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Vibrant start­up ecosys­tems can bring enor­mous eco­nom­ic ben­e­fits in terms of inno­va­tion, job cre­ation, and pro­duc­tiv­i­ty growth. As a pol­i­cy­mak­er, your actions can be the cru­cial dif­fer­ence between an ecosys­tem that thrives, and one that fails. 

Over the past decade, poli­cies designed to sup­port star­tups have focused on the lack of invest­ment. The good news is there is no longer a short­age of cap­i­tal for tru­ly ambi­tious founders. There are more seed and ven­ture cap­i­tal firms active in Europe than ever before, and many of them are flush with funds and eager to invest.

Today, the avail­abil­i­ty of tal­ent, not the lack of cap­i­tal, is the biggest bot­tle­neck to growth of Euro­pean startups.

Europe’s excel­lent edu­ca­tion­al insti­tu­tions pro­duce a large pro­por­tion of the world’s most promis­ing soft­ware engi­neers, data sci­en­tists and design­ers. These indi­vid­u­als are in high demand from the largest and most deep-pock­et­ed cor­po­ra­tions, includ­ing those of Sil­i­con Val­ley and Wall Street.

Star­tups are unable to com­pete for this tal­ent with salary and ben­e­fits alone. But they can offer employ­ees a mean­ing­ful own­er­ship stake, in the form of stock options – reward­ing the risk employ­ees take with a young unproven busi­ness with a promise of a pay­out should the start­up succeed.

While employ­ee own­er­ship is rou­tine­ly used in Sil­i­con Val­ley to attract and retain tal­ent need­ed by star­tups with lim­it­ed cash, but near lim­it­less poten­tial, in Europe it is offered incon­sis­tent­ly and at far low­er lev­els. On aver­age, employ­ees of US star­tups own twice as much of the com­pa­nies they work for com­pared to their Euro­pean counterparts.

Fur­ther­more, Euro­pean poli­cies all too often penalise busi­ness­es and employ­ees for such incen­tives, with wide vari­a­tion between nation­al poli­cies and tax frame­works cre­at­ing a high­ly frag­ment­ed pic­ture across Europe.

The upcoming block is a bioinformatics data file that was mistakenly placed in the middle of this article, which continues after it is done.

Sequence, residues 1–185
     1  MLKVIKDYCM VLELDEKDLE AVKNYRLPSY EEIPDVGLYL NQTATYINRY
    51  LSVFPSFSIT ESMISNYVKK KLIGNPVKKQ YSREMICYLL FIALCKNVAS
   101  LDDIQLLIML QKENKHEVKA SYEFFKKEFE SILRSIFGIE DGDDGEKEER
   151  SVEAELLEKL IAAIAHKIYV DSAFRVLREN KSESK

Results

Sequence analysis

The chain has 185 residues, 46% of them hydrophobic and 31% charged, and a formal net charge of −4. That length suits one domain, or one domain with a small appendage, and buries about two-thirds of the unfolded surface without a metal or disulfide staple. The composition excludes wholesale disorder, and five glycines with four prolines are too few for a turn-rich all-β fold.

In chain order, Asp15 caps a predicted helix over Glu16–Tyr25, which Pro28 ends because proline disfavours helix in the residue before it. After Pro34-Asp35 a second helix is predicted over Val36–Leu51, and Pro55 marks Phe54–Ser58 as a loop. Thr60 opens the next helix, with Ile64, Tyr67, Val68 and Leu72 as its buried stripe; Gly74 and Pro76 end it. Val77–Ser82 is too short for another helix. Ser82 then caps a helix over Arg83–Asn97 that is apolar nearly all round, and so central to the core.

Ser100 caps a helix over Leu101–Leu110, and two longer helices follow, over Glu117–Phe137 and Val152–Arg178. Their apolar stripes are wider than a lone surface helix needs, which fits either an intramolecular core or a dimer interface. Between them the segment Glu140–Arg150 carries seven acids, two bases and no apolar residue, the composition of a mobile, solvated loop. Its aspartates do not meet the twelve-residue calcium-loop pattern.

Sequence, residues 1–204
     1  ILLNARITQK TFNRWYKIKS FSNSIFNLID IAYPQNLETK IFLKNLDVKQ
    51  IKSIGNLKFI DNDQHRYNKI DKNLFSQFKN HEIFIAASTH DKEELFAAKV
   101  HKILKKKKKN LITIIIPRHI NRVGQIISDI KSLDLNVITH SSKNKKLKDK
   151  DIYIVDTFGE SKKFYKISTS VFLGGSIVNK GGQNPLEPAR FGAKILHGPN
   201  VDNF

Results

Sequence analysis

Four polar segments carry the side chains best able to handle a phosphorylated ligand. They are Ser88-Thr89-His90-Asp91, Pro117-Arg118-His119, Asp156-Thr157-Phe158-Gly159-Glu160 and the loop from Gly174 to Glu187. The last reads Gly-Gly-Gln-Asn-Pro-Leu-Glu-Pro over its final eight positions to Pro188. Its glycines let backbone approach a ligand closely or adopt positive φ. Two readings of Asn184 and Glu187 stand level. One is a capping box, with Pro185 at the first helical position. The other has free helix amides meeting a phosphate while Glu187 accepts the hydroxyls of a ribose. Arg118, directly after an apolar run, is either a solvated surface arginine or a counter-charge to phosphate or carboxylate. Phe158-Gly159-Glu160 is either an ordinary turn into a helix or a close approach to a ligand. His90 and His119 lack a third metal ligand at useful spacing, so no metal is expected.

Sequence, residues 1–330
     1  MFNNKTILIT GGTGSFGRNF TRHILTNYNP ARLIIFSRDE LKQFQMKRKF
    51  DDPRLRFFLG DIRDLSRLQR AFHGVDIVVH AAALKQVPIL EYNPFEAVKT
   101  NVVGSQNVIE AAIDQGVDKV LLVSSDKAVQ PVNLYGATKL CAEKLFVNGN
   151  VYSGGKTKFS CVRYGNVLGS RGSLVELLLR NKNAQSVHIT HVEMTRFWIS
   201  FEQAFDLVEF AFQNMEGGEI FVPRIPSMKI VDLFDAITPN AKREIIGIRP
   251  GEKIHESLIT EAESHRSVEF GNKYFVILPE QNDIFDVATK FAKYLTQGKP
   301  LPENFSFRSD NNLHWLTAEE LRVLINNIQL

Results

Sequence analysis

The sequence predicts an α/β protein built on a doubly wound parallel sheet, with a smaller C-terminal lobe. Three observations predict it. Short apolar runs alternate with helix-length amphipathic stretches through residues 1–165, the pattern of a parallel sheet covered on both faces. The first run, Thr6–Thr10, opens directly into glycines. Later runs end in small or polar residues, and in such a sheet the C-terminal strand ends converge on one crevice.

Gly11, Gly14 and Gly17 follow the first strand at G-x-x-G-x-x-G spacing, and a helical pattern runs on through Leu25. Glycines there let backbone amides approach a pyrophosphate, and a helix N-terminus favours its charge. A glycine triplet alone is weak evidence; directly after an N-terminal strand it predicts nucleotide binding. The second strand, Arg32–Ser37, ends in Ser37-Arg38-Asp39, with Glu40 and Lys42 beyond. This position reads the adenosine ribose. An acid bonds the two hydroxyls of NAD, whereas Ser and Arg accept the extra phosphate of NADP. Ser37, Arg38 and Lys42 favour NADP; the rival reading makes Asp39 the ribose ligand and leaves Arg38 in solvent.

We believe that clos­ing this dis­par­i­ty, and cre­at­ing a lev­el-play­ing field across Europe, will boost the growth prospects of star­tups and help entre­pre­neurs secure the best tal­ent. While entre­pre­neurs and investors need to do their part to increase the stake giv­en to employ­ees, pol­i­cy changes are crit­i­cal to mak­ing such incen­tives fea­si­ble and attractive.

The treat­ment of stock options varies wide­ly across Europe. Some coun­tries, such as Esto­nia, the UK, and France, have reg­u­la­to­ry and tax regimes which are at least as favourable as those in the US. The major­i­ty, how­ev­er, includ­ing Ger­many and Spain, lag behind.

Cur­rent poli­cies dis­cour­age stock options on two levels:

For com­pa­nies

It can be com­pli­cat­ed and expen­sive for employ­ers to grant stock options to their employ­ees, with dif­fer­ent schemes required for each Euro­pean country.

For employ­ees

Tax poli­cies can make it cost-pro­hib­i­tive for employ­ees to acquire their equity.


Six pol­i­cy rec­om­men­da­tions to encour­age employ­ee own­er­ship in startups.

  1. Cre­ate a stock option scheme that is open to as many star­tups and employ­ees as pos­si­ble, offer­ing favourable treat­ment in terms of reg­u­la­tion and tax­a­tion. Design a scheme based on exist­ing mod­els in the UK, Esto­nia or France to avoid fur­ther frag­men­ta­tion and complexity.
  2. Allow star­tups to issue stock options with non-vot­ing rights, to avoid the bur­den of hav­ing to con­sult large num­bers of minor­i­ty shareholders.
  3. Defer employ­ee tax­a­tion to the point of sale of shares, when employ­ees receive cash ben­e­fit for the first time.
  4. Allow star­tups to issue stock options based on an accept­ed​‘fair mar­ket val­u­a­tion’, which removes tax uncertainty.
  5. Apply cap­i­tal gains (or bet­ter) tax rates to employ­ee share sales.
  6. Reduce or remove cor­po­rate tax­es asso­ci­at­ed with the use of stock options.